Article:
Knowing that I decided to homeshcool my children, I began laying the ground work early. While they were still 4 and 5, I began to make education a part of our daily schedule. I turned thier play time into a time for teaching. Things like counting, writing, coloring, and so forth. By the time I actually started kindergarten with them, they were working at a first grade level.
Another decision I had to make was when to officially enroll my younger son in homeschooling. Before I made this decision, I sought the counsel of his doctor, speech therapist, and several homeschool counselors. The consensus was determined that holding him back due to his age would be intellectually determental. This meant that when I started kindergarten, my boys would be in the same grade. I assumed that at some point they would naturally diverge when we encounter the harder math. But to my surprise, next year I will have two senior students. Both my students are working at a college level in several subject.
My departure into homeschooling was a bit unconventional. I had not planned on educating my children at home. Then I was presented with circumstances that required a different direction in their educational journey.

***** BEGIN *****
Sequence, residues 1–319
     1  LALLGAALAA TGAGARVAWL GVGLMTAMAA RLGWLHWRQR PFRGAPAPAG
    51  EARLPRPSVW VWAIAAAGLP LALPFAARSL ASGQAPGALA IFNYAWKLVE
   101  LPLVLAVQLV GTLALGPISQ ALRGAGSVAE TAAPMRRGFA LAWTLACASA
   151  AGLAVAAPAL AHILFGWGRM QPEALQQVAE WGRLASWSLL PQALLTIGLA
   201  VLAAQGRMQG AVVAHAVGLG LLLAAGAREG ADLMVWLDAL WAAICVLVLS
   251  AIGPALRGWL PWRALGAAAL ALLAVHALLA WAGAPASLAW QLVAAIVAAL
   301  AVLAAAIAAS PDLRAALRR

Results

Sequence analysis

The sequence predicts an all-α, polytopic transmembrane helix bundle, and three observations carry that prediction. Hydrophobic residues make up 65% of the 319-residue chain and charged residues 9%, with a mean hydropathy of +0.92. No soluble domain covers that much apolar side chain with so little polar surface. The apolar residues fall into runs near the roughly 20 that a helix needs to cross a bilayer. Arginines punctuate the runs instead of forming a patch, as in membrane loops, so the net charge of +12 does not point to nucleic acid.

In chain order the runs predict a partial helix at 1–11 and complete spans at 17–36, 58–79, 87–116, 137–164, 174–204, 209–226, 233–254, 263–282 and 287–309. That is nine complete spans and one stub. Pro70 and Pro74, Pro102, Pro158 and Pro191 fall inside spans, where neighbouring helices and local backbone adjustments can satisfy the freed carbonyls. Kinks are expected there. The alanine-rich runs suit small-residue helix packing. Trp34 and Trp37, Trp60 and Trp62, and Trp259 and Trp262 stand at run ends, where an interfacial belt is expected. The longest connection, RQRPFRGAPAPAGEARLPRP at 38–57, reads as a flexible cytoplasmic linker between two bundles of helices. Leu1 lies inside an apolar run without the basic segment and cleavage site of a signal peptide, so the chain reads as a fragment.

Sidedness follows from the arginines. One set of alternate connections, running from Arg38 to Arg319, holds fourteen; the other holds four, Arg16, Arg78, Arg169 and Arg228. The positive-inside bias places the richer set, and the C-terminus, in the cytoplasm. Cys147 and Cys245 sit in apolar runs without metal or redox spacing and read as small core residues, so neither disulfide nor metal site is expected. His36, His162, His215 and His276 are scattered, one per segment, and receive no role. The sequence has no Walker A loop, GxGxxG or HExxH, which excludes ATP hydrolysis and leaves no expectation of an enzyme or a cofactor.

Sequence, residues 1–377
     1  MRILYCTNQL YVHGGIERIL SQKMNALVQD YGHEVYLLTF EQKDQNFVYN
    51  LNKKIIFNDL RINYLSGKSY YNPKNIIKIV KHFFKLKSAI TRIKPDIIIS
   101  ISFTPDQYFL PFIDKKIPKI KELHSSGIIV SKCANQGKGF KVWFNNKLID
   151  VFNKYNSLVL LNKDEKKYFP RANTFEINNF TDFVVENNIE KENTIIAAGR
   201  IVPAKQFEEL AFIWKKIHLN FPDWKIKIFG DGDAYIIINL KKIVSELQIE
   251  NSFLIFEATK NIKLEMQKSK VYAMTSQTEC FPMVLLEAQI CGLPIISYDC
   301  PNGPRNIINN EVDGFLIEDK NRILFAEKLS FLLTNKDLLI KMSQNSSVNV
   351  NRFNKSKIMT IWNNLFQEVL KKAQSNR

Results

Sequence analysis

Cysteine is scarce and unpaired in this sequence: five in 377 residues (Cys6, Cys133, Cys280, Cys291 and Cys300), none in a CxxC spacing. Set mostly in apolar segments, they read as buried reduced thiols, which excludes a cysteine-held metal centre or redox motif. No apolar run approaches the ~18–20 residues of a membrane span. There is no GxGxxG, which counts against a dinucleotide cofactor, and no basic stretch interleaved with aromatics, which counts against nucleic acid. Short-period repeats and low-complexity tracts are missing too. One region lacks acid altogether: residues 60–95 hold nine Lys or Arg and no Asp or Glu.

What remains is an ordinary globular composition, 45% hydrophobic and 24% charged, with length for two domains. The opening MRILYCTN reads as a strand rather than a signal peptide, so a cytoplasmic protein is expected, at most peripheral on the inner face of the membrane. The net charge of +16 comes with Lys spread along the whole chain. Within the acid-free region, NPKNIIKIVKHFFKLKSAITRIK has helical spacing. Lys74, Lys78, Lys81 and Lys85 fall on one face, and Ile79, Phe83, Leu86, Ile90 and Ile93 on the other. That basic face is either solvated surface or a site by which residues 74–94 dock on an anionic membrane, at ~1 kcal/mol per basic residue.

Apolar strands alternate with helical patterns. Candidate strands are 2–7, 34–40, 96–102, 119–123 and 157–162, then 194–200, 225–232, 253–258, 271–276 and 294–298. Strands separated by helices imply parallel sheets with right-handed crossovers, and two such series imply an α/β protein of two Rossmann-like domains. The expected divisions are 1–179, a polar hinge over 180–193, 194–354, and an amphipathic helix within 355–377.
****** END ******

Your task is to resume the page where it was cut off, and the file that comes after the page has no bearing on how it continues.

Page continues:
Now that I have more homeschool days behind me than in front of me, I can honestly say it has been an honor to homeschool my children. It has been a long road, but one that has yielded many memories and treasures. One of the most meaningful aspects was being able to watch them learn. Had they attended school, I would have missed all of these precious moments in their education.
Now that my homeschooling journey is nearing its end, I want to help others who are just starting theirs. In the posts following, I will share with you all my knowledge I have gained through this experience.
Next time, I will discuss learning styles and how to identify your child’s particular learning style. Knowing how your child learns will be the key to their educational success.
I want to thank you for dropping by and reading my story. I hope that my journey will be helpful in starting yours.
In addition to homeschooling, I am a published author, multi-disciplinary writer and blog contributer. If you like this blog, please visit some of my other sites.